Drinking. Such a simple act might raise a few questions when associated with exercising. Setting aside the “what should I drink during a ride?” question, even the more simple “how much?” might not be as simple as it seems. During exercise there are a number of factors – fitness level, exercise intensity, environmental conditions (air temperature and humidity), etc – affecting how much we sweat. There is strong scientific evidence that losing more than 2% of one’s body weight in sweat leads to decreased performances. In practical terms, this means that if a 70 kg person loses 1.5 kg during a ride, it’s could be an indication of insufficient hydration.
To make things more interesting, in high performance cycling a lower weight is often associated with better performances, especially uphill. Anecdotally some cyclists have tried to get “strategically dehydrated” to lose weight in order to improve their climbing on the final mountain of the Tour de France.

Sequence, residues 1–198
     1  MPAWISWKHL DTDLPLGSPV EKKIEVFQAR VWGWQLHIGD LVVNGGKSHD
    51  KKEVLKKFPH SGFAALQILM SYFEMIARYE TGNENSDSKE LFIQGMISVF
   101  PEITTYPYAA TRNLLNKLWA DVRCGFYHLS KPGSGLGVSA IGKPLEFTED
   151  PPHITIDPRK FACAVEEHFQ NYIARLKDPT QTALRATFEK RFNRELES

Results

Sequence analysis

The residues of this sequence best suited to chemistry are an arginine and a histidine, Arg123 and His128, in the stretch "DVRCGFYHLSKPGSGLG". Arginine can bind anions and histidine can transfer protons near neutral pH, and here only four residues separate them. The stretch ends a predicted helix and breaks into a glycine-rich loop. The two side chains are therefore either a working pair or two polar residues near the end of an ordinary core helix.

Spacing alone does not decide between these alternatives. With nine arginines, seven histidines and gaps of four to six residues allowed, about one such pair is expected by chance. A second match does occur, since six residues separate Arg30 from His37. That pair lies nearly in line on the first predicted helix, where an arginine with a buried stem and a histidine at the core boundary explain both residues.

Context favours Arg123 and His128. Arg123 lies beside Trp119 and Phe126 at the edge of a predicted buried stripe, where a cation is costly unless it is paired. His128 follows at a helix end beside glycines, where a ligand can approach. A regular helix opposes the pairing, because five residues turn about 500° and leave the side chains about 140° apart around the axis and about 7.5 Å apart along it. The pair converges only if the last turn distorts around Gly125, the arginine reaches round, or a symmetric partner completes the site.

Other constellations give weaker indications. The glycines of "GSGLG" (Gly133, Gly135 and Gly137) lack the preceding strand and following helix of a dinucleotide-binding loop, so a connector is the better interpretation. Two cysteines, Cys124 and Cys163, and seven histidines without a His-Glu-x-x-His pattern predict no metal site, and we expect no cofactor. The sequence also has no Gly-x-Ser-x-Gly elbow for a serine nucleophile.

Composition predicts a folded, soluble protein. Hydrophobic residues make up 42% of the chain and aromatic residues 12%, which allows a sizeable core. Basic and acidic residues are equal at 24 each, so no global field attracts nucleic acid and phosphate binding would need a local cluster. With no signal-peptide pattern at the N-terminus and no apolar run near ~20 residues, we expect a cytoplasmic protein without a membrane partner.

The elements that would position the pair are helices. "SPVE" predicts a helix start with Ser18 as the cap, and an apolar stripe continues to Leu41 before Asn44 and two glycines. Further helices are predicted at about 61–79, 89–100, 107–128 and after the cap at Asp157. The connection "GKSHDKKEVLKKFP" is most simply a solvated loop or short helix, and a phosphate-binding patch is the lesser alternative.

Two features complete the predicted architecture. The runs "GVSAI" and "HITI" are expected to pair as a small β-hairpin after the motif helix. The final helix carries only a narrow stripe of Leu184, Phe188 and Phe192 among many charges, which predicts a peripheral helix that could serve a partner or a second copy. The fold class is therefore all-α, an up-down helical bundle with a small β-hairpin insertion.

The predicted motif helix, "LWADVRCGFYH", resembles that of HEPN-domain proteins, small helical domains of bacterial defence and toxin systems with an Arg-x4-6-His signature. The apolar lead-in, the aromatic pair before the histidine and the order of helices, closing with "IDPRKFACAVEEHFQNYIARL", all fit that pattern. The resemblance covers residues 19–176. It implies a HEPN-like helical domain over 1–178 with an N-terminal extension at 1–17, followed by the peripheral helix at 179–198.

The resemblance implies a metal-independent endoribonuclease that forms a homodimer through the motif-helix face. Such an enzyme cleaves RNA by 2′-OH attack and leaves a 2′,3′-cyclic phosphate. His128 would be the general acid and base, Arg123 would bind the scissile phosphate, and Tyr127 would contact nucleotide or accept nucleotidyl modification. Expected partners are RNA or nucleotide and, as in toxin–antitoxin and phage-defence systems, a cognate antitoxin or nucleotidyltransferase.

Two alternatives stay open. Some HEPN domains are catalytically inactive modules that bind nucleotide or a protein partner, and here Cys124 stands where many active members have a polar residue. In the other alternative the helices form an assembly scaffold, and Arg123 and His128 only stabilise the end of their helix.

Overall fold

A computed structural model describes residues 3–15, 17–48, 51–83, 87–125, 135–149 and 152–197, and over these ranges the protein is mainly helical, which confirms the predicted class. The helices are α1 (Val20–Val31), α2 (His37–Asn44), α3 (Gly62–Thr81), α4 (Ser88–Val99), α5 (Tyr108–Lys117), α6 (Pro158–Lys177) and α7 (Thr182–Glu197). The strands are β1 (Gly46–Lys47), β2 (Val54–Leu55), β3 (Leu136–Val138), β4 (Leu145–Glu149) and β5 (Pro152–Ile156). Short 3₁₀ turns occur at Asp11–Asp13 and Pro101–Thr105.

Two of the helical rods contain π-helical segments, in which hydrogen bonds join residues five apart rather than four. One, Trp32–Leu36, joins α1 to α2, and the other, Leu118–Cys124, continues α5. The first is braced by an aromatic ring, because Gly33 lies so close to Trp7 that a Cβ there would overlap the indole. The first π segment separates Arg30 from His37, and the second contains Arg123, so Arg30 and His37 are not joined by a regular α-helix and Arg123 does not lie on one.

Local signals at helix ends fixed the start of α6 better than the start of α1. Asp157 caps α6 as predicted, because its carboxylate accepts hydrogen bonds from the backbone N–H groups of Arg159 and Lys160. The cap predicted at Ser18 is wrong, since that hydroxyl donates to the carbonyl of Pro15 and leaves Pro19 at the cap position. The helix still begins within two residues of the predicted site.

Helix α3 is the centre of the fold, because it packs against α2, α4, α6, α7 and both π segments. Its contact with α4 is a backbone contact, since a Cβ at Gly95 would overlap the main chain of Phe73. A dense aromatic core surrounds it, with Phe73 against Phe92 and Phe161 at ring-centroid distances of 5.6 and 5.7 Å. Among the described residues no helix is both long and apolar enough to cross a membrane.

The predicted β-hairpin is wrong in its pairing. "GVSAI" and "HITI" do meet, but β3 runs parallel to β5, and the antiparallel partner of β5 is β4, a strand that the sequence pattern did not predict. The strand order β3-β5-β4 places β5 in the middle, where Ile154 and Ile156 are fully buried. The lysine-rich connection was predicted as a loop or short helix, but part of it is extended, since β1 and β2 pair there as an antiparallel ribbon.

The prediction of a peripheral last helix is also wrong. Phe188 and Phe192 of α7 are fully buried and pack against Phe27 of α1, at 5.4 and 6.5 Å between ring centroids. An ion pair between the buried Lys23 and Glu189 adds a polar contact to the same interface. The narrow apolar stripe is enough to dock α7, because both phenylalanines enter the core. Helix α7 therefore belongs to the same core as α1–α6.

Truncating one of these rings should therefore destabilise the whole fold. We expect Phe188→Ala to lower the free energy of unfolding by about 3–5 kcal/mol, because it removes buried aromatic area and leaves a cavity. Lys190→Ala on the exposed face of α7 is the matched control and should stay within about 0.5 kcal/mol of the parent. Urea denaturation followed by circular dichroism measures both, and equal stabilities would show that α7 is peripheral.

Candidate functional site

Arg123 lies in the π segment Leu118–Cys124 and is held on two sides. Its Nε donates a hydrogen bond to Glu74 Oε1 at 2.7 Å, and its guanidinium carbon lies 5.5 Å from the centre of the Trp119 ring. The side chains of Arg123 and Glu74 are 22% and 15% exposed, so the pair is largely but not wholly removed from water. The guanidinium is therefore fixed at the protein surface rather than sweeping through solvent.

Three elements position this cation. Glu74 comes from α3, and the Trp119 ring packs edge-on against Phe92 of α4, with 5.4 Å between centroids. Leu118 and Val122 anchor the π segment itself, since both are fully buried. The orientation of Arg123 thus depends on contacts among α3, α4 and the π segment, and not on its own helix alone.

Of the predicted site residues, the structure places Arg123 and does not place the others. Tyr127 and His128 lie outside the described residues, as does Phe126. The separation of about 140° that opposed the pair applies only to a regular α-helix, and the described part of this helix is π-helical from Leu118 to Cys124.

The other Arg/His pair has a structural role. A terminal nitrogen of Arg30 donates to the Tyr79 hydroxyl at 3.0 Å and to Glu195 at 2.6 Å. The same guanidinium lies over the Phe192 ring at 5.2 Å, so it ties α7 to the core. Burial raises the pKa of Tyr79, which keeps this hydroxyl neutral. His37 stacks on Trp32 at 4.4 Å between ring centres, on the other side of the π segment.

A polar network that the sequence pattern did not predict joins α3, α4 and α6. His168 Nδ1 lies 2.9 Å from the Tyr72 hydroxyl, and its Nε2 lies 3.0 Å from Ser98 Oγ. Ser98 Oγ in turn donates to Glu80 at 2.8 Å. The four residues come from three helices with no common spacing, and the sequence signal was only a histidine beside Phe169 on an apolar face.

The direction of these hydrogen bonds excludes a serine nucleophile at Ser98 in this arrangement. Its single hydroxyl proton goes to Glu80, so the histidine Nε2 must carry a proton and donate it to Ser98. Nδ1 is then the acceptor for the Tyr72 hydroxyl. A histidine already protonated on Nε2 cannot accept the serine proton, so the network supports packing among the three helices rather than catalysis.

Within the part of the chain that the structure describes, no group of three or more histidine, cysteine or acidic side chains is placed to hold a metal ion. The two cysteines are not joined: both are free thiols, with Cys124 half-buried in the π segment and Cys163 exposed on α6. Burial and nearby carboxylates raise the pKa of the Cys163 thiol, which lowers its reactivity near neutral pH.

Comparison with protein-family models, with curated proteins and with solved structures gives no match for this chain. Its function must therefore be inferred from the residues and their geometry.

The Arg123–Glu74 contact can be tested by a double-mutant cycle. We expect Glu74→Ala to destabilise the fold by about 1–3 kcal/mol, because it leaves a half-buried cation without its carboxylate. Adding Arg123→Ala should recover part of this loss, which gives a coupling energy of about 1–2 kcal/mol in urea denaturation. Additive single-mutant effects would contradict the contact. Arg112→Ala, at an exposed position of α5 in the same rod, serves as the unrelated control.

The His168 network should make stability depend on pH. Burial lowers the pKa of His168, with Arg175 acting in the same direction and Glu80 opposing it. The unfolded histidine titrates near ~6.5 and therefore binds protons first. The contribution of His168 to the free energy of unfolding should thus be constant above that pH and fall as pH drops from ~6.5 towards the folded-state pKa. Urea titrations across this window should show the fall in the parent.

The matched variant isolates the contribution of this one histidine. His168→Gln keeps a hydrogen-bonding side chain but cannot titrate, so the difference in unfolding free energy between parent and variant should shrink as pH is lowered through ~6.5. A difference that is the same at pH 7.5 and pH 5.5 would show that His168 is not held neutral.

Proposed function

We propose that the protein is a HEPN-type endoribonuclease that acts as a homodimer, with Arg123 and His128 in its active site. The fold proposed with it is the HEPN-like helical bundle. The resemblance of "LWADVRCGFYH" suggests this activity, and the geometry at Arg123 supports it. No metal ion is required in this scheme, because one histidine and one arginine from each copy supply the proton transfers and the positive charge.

But, is it myth or reality? As one would expect, researchers have tested this hypothesis: would a cyclist get a larger performance improvement being lighter, or would performance be compromised because of the physiological dehydration status? There are now a number of studies looking at mild-dehydration and the overall effect on performance (link) and the evidence would tell us that mild-dehydration compromises performance. As such, science would recommend staying hydrated to optimise performance. Which brings us back to the original question. How much is enough?
With all the hydration science, it appears that nature has guided our evolution in such a way that our bodies know how much we need to drink (surprise!).
A meta-analysis conducted by Holland and colleagues in 2017 (link) reported that when riding at moderate intensity for more than two hours, consuming fluid ad libitum (as much or as often as desired) could actually improve performance.
As for what to drink, that is much bigger question for another day!